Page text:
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Mythological Themes in Science Fiction

This course was designed to run over eight weeks. Each week's reading explores a mythological theme as it is presented in science-fiction literature.

Introductory reading:
The Hero with a Thousand Faces and The Inner Reaches of Outer Space by Joseph Campbell
The History of Science Fiction by Adam Roberts
Holy Superheroes! by Greg Garrett Flying Saucers by Carl Jung

Week 1: The End of the World

Nightfall by Isaac Asimov (the short story, not the full-length novel), Z for Zachariah by Robert C. O'Brien
Topics for further research: Ragnarok; the Biblical Book of Revelation.

Week 2: The Hero

It's Superman by Tom de Haven, Watchmen by Alan Moore
Topics for further research: Moses; Hercules.

Week 3: The Monster

I am Legend by Richard Matheson, The Legacy of Heorot by Steven Barnes et al.
Topics for further research: Lamia; Vampires; Beowulf and Grendel.

Week 4: The Mother

Children of Men by P. D. James, The Handmaid's Tale by Margaret Atwood
Topics for further research: Gaia; The Virgin Mary; Jocasta.

Week 5: The Messiah

Dune by Frank Herbert, Behold the Man by Michael Moorcock
Topics for further research: the figure of the Messiah in the Abrahamic faiths.

Week 6: The Sage

A Canticle for Liebowitz by Walter M. Miller, Jr., Brave New World by Aldous Huxley
Topics for further research: Merlin; Mimir; Tiresias.

Week 7: The Creature

Frankenstein by Mary Shelley, He She and It by Marge Piercy
Topics for further research: Prometheus; Pygmalion; the Golem.

Week 8: The Gods

Lord of Light by Roger Zelazny, Ilium by Dan Simmons

Further Reading

Bartter, M. A. "Nuclear Holocaust as Urban Renewal." Science-fiction studies 13 (1986): 148-58.

Berger, A. I. "The Triumph of Prophecy: Science Fiction and Nuclear Power in the Post-Hiroshima Period." Science Fiction Studies 3 (1976): 143-50.

Chernyshova, T. "Science Fiction and Myth Creation in Our Age." Science Fiction Studies 31, no. 3 (2004): 345-57.

DeLashmutt, M. "A Better Life Through Information Technology? The posthuman person in contemporary speculative science." Zygon, 41, 2, 2006, pp. 267-288.

Dimeo, S. "Man and Apollo: A Look at Religion in the Science Fantasies of Ray Bradbury." Journal of Popular Culture, no. 4 (1972): 970-78.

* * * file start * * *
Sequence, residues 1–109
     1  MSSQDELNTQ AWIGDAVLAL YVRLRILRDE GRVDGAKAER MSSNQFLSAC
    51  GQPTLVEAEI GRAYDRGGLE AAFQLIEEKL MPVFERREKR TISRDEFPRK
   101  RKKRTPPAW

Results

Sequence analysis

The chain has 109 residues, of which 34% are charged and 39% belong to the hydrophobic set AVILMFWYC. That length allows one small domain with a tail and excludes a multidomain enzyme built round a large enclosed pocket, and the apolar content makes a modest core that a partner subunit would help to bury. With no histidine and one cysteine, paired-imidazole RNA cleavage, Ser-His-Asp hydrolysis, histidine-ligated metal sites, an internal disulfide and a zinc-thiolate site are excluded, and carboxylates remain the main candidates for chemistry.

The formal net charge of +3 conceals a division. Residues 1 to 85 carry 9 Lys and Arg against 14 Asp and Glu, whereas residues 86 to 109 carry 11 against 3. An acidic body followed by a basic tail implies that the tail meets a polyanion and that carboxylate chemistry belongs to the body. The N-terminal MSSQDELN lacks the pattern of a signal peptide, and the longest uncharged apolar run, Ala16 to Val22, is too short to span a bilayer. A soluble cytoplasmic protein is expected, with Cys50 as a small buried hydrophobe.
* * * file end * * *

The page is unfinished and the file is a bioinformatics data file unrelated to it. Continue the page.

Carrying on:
DiTommaso, L. "History and Historical Effect in Frank Herbert's Dune." Science Fiction Studies 19 (1992): 311-11.

DiTommaso, L. "The Articulation of Imperial Decadence and Decline in Epic Science Fiction." Extrapolation 48 (2007).

Emad, M. C. "Reading Wonder Woman's Body: Mythologies of Gender and Nation." The Journal of Popular Culture 39, no. 6 (2006): 954-84.

Goddu, T. A. "Vampire Gothic." American Literary History 11, no. 1 (1999): 125-41.

Halberstam, J. "Technologies of Monstrosity: Bram Stoker's" Dracula"." Victorian Studies (1993): 333-52.

Herbert, C. "Vampire Religion." Representations 79, no. 1 (2002): 100-21.

Honeyman, S. "Mutiny by Mutation: Uses of Neoteny in Science Fiction." Children's Literature in Education 35, no. 4 (2004): 347-66.

Hillier, R. "Sf Intertextuality: Hebrew Runes among the Ruins in Miller's a Canticle for Leibowitz." Science Fiction Studies 31, no. 1 (2004): 169-72.

Hilton, L. "Partners in Wonder: Women and the Birth of Science Fiction 1926-1965." The Journal of Popular Culture 41, no. 1 (2008): 170-71.

Huet, M. H. "Living Images: Monstrosity and Representation." Representations (1983): 73-87.

Koven, M. J. "" Have I Got a Monster for You!": Some Thoughts on the Golem," The X-Files" And the Jewish Horror Movie." Folklore (2000): 217-30.

Palumbo, D. "The Monomyth as Fractal Pattern in Frank Herbert's Dune Novels." Science Fiction Studies (1998): 433-58.

Sutton, T. C., and M. Sutton. "Science Fiction as Mythology." Western Folklore (1969): 230-37.

Taylor, A. M. "Science Fiction: The Evolutionary Context." Journal of Popular Culture, no. 4 (1972): 858-66.